Hand Therapy Helps Pro Fisherman Get Ready for Season

When Occassional Pain Becomes a Painful Problem

In May 2016, Florida Gulf Coast University (FGCU) student and professional kayak fisherman, Conner Thompson, injured his right wrist which escalated from occasional aching to a painful problem.

Tarpon season was in full swing, so Conner spent most of his time out on the water in his Hobie kayak. “I didn’t meet my goal—I landed more than 20 tarpon, more than 100 pounds each; this aggravated my already painful wrist and forced me to wear a brace,” Conner says. “I was stubborn and dealt with the pain, until class resumed in August when I took five intensive writing courses; that’s when I could no longer ignore it.”

Conner underwent surgery for a triangular fibrocartilage complex (TFCC) tear in his right wrist. After surgery, Conner’s surgeon, Sandra Collins, M.D., recommended occupational and certified hand therapist, Paul Zavala.

As one of 6,284 certified hand therapists worldwide, Paul specializes in advanced treatment of hands and upper extremity. “Conner had pain in his right dominant wrist, and weakness gripping his fishing pole, along with writing,” Paul says.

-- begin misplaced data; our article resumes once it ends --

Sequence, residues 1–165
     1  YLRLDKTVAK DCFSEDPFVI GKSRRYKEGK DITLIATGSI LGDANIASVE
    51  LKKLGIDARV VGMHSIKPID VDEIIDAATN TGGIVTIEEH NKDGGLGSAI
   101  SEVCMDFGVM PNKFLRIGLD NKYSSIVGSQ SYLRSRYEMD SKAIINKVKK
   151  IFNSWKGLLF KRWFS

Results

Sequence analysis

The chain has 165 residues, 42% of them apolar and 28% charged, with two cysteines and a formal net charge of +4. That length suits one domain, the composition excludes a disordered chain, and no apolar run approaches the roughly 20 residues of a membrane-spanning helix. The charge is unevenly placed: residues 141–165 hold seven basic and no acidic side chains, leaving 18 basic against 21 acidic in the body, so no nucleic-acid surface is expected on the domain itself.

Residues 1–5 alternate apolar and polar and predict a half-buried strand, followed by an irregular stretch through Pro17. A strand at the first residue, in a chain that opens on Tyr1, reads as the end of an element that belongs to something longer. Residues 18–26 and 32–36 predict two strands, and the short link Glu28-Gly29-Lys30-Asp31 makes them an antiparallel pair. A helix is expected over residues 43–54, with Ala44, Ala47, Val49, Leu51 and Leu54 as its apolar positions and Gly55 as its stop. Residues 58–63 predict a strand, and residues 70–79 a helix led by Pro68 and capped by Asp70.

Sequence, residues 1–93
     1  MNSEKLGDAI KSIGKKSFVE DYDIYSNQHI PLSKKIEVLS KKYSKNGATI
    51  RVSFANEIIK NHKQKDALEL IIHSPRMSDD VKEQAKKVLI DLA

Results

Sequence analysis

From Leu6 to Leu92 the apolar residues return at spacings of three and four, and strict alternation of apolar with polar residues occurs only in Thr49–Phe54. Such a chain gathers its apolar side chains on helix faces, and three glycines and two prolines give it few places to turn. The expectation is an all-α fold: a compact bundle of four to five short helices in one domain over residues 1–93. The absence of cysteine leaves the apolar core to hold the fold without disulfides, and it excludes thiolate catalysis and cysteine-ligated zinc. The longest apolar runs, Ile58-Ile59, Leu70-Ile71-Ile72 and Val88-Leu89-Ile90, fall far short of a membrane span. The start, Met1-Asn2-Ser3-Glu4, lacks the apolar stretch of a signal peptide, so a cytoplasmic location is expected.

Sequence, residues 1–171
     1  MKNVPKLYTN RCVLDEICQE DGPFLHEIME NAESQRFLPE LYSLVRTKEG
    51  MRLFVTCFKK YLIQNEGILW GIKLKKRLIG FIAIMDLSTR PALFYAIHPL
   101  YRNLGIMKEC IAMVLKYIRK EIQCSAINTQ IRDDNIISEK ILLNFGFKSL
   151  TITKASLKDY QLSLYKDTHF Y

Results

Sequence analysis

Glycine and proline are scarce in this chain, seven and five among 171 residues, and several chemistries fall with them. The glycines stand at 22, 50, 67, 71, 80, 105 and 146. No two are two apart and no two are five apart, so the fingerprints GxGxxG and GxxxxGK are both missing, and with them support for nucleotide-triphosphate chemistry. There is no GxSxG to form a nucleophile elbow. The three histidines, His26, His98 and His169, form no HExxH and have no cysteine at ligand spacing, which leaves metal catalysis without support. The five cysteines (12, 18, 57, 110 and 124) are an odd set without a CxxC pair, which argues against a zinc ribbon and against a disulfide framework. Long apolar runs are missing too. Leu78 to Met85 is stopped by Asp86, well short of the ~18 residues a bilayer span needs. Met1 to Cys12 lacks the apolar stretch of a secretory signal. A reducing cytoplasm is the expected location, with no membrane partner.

Diagnosing the exact cause of a wrist injury can be difficult; many factors can lead to wrist pain. “I frequently use power tools on my lawn tractors, trucks, ATVs and swamp buggy,” Conner says. “Paul said too much torqueing force could have caused my injury.”

Now, Conner is preparing for advanced demands on his wrist (kayak fishing). “Advanced strengthening and conditioning, activity stimulation, along with education on proper joint movement and injury prevention is all a part of therapy.”

Conner has adjusted to primarily using his opposite hand for now, and is gradually reintroducing his affected hand to activities. “I haven’t touched a wrench or power tool since surgery; I know I will try to use both hands and hurt it before it’s healed,” says Conner. “I’ve pretty much learned to be left-handed, so I’m back to doing almost everything I was doing before.”

Twice a week, Conner meets with Paul. “My schedule is packed, so I’m grateful he works with me as much as possible,” Conner says. Conner’s injured wrist has not slowed him down one bit; he is still dedicated to his passions. “Everyone looks at me weird when I tell them I still kayak fish as often as possible, but that’s why the Hobie and FGCU kayak fishing teams keep me around,” Conner says.


Tags: occupational therapy, hand therapy, orthopedic surgery